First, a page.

The Wall Street Journal print edition has an interesting article titled "Fight Brews Over Tighter Plant Rules: Safety, Environmental Advocates Push for Chemical Regulations, as Cause of Texas Blast Still Unknown" by Daniel Gilbert May 2, 2013 p. A5
Majia here: The blast killed 14 people directly and injured hundreds. Many more people may suffer health consequences over time from breathing in highly toxic chemicals from the explosion and fire.
The article explains that industrial safety and environmental groups want laws passed that aim to prevent accidents like the Texas plant by requiring companies to evaluate whether "inherently safer technologies" exist. Inherently safer technologies illustrated in the article include safer chemicals and safer storage facilities (e.g., storing chemicals at lower temperatures).
As one can imagine, initial investments in new technologies may require capital outlays and so agricultural and chemical lobbies "have long opposed laws that would require it, saying they would be unnecessary, costly, or impractical."
Essentially the chemical and agricultural industries are shifting their costs - their externalities - to the public in the form of health and property costs deriving from disasters and routine emissions.
The people are forced to assume risks and costs so that the companies can operate with the greatest profits possible.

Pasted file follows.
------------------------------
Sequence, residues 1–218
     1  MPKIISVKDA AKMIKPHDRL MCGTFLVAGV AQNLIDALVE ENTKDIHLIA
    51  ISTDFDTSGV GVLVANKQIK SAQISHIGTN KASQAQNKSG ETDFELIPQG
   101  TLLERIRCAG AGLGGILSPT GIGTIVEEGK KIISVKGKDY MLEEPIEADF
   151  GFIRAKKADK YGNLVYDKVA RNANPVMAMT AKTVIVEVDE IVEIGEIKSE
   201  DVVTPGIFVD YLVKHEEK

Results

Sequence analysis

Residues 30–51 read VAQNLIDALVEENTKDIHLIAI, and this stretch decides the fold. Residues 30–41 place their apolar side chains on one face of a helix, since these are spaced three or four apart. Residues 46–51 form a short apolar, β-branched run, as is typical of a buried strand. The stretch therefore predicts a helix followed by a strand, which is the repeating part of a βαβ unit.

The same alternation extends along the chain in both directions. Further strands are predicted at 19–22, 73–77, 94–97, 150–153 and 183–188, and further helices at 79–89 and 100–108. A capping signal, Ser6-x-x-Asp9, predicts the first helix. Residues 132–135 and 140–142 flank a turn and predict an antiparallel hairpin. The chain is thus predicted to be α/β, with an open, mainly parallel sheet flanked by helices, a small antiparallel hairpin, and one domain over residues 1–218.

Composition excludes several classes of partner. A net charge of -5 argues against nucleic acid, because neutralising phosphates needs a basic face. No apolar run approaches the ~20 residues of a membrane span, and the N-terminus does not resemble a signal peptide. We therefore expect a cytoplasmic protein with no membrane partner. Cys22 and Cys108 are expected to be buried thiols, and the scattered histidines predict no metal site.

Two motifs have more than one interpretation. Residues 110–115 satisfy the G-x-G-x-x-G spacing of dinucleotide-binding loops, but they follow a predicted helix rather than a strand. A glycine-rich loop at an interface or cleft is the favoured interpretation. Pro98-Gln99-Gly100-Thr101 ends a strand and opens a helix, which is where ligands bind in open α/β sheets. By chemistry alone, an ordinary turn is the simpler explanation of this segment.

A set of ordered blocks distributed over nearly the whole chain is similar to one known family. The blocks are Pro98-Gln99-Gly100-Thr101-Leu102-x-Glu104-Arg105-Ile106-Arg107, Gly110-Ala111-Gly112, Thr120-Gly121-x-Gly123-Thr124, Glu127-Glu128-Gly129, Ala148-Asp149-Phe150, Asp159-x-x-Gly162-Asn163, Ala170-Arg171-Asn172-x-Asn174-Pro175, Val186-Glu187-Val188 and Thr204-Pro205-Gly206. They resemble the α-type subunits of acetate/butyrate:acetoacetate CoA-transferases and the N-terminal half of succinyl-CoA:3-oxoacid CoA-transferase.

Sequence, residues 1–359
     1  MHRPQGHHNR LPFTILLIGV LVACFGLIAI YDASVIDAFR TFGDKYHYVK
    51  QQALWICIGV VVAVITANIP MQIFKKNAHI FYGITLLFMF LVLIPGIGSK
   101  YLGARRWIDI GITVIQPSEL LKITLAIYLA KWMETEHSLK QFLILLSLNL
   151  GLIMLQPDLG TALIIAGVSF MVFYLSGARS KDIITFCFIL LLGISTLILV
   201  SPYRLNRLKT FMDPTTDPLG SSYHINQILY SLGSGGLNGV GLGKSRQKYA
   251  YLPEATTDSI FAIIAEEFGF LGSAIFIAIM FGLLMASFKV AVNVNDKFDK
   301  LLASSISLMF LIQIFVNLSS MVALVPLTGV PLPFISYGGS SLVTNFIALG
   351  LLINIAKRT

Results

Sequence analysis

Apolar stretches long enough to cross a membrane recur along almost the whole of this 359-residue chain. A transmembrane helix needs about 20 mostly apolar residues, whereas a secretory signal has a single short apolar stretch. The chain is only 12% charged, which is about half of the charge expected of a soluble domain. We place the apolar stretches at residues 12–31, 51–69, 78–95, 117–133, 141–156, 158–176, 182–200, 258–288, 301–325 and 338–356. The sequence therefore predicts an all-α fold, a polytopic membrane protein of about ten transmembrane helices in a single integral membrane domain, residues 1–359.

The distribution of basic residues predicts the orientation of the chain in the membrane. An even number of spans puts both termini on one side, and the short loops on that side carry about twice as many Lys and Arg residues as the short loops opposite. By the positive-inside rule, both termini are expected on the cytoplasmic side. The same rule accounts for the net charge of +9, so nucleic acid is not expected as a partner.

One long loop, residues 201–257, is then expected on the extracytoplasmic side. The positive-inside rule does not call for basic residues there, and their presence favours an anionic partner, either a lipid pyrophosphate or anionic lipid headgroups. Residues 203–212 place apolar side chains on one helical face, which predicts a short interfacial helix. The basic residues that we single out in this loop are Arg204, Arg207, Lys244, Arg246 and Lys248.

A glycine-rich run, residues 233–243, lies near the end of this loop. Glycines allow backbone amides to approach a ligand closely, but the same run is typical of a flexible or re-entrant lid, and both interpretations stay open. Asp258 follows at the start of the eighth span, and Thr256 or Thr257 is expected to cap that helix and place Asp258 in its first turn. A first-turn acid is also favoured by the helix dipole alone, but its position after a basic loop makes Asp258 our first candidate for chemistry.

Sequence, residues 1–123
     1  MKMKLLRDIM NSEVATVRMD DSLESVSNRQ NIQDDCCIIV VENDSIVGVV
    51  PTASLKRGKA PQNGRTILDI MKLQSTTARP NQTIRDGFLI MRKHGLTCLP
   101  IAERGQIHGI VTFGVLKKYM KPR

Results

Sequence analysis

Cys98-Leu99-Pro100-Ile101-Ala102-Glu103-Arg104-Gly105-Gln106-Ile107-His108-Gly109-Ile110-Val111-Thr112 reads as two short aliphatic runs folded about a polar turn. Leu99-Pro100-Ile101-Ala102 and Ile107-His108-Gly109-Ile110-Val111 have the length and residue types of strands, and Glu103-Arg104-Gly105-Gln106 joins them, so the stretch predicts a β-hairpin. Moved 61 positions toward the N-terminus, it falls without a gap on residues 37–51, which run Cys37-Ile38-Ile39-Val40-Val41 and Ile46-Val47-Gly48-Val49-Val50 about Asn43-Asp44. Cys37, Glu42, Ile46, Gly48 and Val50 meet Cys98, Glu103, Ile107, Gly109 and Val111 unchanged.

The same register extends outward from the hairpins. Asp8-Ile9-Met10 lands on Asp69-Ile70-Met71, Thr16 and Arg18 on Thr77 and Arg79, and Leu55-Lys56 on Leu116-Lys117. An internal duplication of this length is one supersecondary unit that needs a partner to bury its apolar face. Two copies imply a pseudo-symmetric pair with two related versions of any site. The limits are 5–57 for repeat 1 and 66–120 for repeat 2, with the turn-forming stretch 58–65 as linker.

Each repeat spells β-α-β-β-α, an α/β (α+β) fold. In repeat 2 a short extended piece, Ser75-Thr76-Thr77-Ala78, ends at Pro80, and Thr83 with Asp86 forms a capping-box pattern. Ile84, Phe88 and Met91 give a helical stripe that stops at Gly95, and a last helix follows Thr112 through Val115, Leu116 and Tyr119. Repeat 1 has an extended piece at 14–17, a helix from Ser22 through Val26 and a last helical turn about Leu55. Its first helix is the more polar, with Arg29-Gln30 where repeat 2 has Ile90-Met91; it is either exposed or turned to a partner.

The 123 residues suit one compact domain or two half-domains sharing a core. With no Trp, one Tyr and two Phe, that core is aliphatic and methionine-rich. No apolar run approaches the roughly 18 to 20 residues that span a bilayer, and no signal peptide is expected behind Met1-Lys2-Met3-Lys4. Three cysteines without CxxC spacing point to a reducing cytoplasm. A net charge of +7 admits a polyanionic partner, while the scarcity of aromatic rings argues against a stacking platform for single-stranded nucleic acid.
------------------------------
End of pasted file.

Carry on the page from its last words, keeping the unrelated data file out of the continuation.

The records show that the last time the Texas facility was investigated was in 2006, after a complaint about an ammonia smell.
The state agency responsible for investigating this sort of complaint in Texas is called the state Feed and Fertilizer Control Service. According to the WSJ article, they are "mostly concerned with ensuring products meet commercial-labeling standards."
From this article, it appears that Texas has no safety agency that responds to citizen complaints about safety issues from highly dangerous chemical producers.
If this is true, then the state of Texas is complicit in helping industry shift risks and costs of dangerous business operations to its citizens.
Risk shifts to citizen/communities indicate greed and corruption in our industry and our regulatory apparatuses.
In the end, we will ALL pay for this greed, with our health and with our lives.
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